“Alien yet familiar, careful observation shows us things we had not expected.” – Ed Lehming
Blue Cohosh is one of the first wildflowers that made me begin to better understand the natural environment around me. When I started spending more deliberate time in the forest, starting to see it as a participant rather than a casual observer, I could not help but notice this purple-blue plants that emerge with the rest of the spring flowers but standout because their colour is so different.
Among the bright greens of the surrounding plants, these appear very out of place. As a botany newbie, I had no idea what they were, so I set out to find out what I was seeing. This simple act started me on a path to learning much more about my environment than I had thought possible. My standard routine now is to constantly seek out and study new finds.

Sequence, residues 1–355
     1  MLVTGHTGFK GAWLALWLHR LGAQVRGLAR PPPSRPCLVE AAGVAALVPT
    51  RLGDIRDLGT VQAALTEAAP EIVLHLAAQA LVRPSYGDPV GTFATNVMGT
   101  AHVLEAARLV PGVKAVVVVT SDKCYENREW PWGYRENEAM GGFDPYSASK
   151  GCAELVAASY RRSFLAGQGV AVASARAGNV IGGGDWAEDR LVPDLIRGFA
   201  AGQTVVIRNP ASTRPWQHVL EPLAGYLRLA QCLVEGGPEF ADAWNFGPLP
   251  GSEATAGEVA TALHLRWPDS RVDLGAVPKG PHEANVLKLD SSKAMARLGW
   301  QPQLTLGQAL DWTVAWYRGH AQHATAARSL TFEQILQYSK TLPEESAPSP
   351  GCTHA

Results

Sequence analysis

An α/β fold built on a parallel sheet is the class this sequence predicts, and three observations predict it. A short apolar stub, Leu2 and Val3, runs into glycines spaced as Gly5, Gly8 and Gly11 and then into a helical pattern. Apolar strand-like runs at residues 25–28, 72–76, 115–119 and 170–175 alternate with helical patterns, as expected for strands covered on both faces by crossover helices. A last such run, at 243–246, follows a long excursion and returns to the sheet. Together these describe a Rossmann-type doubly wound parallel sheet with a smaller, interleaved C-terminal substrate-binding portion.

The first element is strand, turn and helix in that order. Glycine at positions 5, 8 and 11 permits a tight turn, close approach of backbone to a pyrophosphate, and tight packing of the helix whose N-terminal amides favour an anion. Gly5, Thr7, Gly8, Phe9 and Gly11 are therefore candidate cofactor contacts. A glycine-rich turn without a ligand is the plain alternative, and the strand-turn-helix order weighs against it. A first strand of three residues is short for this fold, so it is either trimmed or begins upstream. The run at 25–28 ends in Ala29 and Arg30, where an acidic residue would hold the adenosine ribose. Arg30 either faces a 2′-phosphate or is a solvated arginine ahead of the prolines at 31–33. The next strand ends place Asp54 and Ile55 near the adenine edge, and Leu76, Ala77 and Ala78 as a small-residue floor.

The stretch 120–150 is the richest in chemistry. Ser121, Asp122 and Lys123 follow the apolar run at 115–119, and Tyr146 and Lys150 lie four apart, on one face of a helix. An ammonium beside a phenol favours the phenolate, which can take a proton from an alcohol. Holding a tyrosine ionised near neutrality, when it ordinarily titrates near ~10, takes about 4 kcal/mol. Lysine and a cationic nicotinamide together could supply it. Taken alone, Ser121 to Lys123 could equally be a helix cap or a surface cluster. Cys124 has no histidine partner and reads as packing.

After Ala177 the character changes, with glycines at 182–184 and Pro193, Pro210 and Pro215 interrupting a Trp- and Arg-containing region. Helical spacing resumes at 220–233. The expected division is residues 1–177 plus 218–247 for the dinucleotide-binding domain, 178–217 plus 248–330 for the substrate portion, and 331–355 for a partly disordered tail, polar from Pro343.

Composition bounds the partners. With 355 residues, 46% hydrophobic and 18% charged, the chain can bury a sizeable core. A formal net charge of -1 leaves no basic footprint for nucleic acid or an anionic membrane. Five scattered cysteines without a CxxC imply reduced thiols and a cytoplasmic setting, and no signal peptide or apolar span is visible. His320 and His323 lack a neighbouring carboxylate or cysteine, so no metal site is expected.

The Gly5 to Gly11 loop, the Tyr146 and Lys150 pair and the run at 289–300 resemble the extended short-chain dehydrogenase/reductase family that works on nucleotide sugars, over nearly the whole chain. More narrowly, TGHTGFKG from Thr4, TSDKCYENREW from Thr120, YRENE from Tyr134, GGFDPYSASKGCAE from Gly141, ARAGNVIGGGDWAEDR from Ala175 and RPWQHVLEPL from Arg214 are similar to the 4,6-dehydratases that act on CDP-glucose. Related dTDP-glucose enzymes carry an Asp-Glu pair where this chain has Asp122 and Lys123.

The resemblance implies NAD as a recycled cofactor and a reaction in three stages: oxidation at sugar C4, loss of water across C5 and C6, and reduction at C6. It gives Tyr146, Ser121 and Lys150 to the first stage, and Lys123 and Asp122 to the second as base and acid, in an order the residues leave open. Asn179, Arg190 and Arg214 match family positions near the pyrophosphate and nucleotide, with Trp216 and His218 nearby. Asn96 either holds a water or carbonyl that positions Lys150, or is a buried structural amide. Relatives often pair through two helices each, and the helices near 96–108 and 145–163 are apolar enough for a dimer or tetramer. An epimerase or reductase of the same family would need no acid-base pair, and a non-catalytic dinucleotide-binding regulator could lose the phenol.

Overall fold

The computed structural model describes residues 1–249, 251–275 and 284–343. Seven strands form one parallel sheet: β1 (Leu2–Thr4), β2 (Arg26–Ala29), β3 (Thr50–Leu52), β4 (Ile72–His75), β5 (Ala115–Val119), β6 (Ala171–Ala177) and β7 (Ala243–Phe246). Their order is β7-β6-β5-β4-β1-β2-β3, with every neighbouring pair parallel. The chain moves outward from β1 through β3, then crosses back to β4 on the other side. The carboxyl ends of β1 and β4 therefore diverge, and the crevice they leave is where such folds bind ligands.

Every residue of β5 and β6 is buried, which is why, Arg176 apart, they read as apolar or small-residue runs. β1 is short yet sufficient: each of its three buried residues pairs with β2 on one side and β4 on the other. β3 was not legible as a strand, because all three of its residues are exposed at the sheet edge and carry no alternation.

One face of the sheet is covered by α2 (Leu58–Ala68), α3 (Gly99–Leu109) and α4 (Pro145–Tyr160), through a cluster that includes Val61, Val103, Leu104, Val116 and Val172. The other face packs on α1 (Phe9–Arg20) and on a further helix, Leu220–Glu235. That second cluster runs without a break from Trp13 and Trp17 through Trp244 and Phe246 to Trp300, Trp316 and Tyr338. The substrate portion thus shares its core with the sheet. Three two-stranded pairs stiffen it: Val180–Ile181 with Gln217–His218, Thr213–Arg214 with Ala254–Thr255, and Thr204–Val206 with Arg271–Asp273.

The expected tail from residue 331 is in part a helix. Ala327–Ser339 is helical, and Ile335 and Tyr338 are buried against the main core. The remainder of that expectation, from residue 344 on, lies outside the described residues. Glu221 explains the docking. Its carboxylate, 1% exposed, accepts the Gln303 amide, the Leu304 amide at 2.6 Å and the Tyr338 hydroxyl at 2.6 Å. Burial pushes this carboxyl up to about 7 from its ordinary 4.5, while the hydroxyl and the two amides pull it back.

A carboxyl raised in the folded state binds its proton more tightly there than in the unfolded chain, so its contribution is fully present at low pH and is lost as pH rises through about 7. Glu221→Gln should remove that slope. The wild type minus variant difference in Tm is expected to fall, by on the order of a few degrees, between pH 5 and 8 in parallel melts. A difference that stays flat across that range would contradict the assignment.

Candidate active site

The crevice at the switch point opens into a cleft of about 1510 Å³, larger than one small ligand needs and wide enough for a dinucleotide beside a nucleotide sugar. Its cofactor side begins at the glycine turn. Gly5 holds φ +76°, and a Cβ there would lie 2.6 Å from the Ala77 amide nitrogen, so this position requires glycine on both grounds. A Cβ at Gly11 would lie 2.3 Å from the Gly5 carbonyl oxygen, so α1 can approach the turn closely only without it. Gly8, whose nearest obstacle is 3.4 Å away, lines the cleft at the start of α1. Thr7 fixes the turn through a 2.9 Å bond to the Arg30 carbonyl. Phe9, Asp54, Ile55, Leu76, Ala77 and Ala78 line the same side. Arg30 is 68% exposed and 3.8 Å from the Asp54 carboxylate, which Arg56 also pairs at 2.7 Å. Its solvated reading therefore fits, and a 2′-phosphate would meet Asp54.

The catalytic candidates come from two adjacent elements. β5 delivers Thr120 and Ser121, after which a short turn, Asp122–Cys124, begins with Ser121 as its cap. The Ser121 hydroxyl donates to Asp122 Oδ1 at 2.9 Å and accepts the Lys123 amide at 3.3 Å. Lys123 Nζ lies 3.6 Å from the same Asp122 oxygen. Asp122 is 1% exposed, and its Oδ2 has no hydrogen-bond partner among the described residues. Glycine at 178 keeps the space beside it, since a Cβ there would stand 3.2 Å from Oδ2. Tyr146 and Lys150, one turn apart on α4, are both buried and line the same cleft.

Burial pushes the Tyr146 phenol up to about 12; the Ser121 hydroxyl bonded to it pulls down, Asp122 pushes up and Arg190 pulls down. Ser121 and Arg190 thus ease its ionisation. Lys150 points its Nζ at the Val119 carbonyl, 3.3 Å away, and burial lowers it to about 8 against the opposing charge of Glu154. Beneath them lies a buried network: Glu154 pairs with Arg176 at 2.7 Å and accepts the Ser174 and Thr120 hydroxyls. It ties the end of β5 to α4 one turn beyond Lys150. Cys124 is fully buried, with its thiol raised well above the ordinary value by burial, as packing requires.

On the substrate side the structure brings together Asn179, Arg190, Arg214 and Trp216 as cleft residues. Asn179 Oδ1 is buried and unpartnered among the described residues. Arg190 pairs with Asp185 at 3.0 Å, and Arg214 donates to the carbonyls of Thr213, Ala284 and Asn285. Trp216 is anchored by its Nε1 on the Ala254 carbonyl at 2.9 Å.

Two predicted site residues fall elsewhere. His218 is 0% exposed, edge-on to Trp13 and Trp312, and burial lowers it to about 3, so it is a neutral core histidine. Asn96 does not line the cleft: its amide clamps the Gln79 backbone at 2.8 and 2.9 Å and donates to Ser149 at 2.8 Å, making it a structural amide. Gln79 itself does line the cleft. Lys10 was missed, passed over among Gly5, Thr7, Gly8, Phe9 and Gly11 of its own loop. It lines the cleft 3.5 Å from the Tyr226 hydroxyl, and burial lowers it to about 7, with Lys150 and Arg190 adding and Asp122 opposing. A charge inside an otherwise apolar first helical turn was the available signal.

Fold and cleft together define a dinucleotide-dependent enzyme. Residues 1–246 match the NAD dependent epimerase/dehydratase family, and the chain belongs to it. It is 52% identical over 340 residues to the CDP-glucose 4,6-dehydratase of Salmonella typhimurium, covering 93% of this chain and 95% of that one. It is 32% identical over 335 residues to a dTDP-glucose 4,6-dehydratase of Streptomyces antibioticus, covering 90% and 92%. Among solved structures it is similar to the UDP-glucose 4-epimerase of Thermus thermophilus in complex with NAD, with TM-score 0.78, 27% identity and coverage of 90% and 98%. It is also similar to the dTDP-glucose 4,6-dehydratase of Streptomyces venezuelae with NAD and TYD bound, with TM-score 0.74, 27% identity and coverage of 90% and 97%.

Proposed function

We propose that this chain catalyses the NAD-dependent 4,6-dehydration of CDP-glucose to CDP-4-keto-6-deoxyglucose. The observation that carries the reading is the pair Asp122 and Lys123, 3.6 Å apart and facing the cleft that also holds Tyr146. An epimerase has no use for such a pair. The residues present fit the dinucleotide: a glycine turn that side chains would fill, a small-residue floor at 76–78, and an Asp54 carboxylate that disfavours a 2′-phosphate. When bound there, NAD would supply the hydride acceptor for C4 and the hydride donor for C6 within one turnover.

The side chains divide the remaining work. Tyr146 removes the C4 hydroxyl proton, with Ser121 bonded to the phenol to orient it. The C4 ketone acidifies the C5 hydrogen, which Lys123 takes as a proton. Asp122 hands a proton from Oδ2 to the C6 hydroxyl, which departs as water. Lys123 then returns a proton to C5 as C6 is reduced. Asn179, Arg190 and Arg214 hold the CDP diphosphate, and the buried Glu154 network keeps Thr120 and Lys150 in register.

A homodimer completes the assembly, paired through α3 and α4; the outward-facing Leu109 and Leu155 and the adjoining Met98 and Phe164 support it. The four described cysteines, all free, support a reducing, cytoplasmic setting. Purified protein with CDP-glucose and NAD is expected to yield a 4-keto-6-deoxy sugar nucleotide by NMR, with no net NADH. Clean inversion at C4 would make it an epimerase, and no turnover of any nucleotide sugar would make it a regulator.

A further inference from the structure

Back to the Blue Cohosh. For the longest time, I did not even think they have flowers, because they are so small; as with many other plants, you need to look closely to see details that are at first not obvious or easily observable to the naked eye. The Blue Cohosh looks almost alien when you get close up. Bear in mind, these blossoms are tiny, less than a centimetre across and they are a deep purple-blue that makes it difficult to observe details. This is the first one of the season and not quite as plump as others I have seen, so I’m hoping to collect a few more images before this year’s bloom is finished.
Tamron SP AF 90mm f/2.8 Di Macro 1:1 (272ENII)@90mm
1/400 sec, f/10.0, ISO 200
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